Love, peace and grace, conversation and fellowship around the table at Thanksgiving, is an amazing gift. We are filled, not only with an abundance of food; but our hearts overflow with genuine communion. Such a meal is truly one for which we can be thankful.
However, even when the Thanksgiving table is sparse, when loved ones are missing or when tension speaks louder than peace, we can still be thankful. Why? Because when we offer thanks, miracles can happen.
Consider these examples from Scripture:
Have you ever been invited to meet with someone very important or famous? Or can you imagine that you have? I think I would spend a lot of time planning for the visit: what to say, what to wear, how early to arrive, when to know it is time to leave, whether to bring a gift. I would be terrified that I’d make a mistake or say something offensive. And what would I do if I arrived in a rainstorm and showed up sopping wet or came on the wrong day? Or, what if I lost the invitation on the way? The possible faux pas are endless.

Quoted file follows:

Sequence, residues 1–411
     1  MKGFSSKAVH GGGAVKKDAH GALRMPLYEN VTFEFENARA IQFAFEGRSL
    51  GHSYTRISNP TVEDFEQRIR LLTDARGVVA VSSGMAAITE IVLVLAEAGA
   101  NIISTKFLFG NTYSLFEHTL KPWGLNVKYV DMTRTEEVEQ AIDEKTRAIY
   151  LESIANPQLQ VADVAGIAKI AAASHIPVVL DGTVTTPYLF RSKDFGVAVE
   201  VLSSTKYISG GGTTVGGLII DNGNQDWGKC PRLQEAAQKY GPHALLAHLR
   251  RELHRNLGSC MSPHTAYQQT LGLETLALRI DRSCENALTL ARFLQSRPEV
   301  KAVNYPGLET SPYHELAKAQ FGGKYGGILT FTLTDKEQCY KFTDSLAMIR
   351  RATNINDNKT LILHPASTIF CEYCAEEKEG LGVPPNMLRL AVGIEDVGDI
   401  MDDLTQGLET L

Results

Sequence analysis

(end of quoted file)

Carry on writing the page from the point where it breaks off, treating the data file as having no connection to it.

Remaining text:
Sometimes it seems there is just little to be thankful for. When our loved ones living with mental health difficulties are going through a rough episode, when a change in treatment has caused an upheaval, when we run out of ideas on where to find help next, it’s often impossible to be grateful.
That’s when we turn our attention from our circumstances and look at our God who is great and our God who is good. Continue reading
To the mothers and the fathers
The daughters and the sons
To the sisters and the brothers
The spouses and loved ones Continue reading